Meanwhile, there were dozens of other birds coming and going at the various feeders and trees: goldfinch, Baltimore orioles, ruby throated hummingbirds, robins, purple finches, indigo buntings, evening grosbeaks, mourning doves, nuthatches, chipping sparrows, and many more. What a great way to welcome in summer!

Wednesday, June 18, 2008

Tucson--Day Four

I just checked the weather at home. It's 43 degrees cooler there than it was here today! That's the same number, by the way, that the Celtics were up, at one point, last night. I happily watched the game, but am missing all the hoopla that went on in Boston today. It's a lot of fun seeing and feeling a city that's alive with excitement. We've experience that a lot the past few years =)

I'm listening to a rerun of the Memorial Service for Tim Russert and am laughing with the nun who taught him English over his declaration that he will never need to know the difference between a subject and predicate. You can imagine I've heard that line myself. Many times. And guess what? I have said it myself. As a teacher! Of course it does matter that you know how to use them, but that's another story... I'll miss Tim...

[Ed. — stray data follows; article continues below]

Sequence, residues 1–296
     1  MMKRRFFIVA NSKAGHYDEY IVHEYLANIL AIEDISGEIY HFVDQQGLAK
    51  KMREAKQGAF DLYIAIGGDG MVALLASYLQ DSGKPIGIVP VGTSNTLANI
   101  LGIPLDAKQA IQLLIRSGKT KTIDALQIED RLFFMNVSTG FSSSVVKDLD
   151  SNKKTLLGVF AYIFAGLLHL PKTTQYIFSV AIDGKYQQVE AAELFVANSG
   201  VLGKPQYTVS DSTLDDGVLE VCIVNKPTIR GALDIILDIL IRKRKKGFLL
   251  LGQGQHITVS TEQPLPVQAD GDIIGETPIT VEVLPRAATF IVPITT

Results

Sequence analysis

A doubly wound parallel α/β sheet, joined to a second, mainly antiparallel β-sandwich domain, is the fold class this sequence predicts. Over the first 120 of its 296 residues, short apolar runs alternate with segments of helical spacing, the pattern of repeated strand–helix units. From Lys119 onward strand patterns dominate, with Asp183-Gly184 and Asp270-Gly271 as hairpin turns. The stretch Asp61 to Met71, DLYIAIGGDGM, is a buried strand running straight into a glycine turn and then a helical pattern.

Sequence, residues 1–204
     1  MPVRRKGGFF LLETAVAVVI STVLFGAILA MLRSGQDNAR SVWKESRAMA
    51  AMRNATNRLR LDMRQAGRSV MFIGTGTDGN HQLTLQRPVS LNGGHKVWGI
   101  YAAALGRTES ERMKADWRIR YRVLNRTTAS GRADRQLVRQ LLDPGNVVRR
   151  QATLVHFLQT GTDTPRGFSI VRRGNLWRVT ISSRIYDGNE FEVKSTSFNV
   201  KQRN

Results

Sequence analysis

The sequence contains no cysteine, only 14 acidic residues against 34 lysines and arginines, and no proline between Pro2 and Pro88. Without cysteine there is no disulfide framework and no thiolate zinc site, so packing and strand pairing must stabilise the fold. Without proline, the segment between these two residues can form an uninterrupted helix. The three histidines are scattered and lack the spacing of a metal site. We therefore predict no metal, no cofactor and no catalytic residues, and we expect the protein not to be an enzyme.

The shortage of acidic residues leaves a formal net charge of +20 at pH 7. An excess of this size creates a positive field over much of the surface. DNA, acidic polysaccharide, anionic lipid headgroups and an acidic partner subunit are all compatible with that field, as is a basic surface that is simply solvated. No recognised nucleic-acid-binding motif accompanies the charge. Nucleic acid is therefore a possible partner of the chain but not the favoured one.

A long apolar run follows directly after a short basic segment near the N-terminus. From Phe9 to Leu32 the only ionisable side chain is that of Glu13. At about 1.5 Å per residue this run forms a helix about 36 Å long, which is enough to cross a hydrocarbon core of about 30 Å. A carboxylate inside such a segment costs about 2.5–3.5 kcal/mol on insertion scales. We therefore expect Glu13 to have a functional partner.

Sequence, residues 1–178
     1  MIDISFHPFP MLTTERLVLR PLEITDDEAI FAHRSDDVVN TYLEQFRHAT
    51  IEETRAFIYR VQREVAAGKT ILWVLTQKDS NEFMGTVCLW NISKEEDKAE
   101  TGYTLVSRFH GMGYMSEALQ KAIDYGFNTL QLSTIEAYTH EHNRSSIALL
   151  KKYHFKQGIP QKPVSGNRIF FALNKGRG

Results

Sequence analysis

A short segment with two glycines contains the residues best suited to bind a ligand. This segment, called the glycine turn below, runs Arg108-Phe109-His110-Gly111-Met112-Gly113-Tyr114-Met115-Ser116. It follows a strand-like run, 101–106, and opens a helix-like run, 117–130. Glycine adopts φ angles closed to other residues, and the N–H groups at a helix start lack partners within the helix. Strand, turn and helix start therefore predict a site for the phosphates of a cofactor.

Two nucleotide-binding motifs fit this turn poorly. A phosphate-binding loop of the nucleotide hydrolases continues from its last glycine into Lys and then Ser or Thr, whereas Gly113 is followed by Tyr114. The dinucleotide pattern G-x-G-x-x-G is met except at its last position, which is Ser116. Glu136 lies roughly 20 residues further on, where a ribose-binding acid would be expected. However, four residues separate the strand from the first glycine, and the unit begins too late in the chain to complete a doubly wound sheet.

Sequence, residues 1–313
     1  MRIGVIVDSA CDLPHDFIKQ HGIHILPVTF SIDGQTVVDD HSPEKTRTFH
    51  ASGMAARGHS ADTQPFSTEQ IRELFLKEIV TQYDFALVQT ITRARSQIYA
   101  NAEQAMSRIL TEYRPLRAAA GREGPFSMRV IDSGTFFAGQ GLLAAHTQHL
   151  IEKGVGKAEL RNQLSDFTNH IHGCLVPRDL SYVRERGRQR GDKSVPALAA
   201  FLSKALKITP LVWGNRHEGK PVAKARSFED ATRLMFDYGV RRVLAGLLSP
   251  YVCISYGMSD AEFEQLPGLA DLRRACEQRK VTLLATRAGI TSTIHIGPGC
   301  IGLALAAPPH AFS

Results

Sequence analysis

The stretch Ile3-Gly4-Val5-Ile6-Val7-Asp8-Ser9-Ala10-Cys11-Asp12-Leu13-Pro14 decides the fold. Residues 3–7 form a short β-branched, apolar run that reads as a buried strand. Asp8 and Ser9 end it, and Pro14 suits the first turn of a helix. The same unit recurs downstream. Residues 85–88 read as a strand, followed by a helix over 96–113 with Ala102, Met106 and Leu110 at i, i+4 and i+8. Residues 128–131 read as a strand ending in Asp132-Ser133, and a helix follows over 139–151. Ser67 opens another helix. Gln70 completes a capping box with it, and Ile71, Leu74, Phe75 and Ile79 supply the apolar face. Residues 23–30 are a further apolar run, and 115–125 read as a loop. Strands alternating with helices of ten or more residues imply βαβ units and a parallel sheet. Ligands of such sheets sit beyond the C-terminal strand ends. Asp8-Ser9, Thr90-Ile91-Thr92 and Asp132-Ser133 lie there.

We had the afternoon and evening free tonight, wouldn't you know. I stayed inside during the heat of the day but went out for a walk at sunset. I had an interesting encounter with a killdeer, ironically after Monarch posted some amazing pictures of killdeer chicks (he called them killfawns). I haven't seen a killdeer in years, and all of a sudden, there one is, crossing my path and then hiding from my sight. I tried taking pictures, but it was kind of dark and its camouflage is outstanding. It is in the center of these pictures. See if you can see it!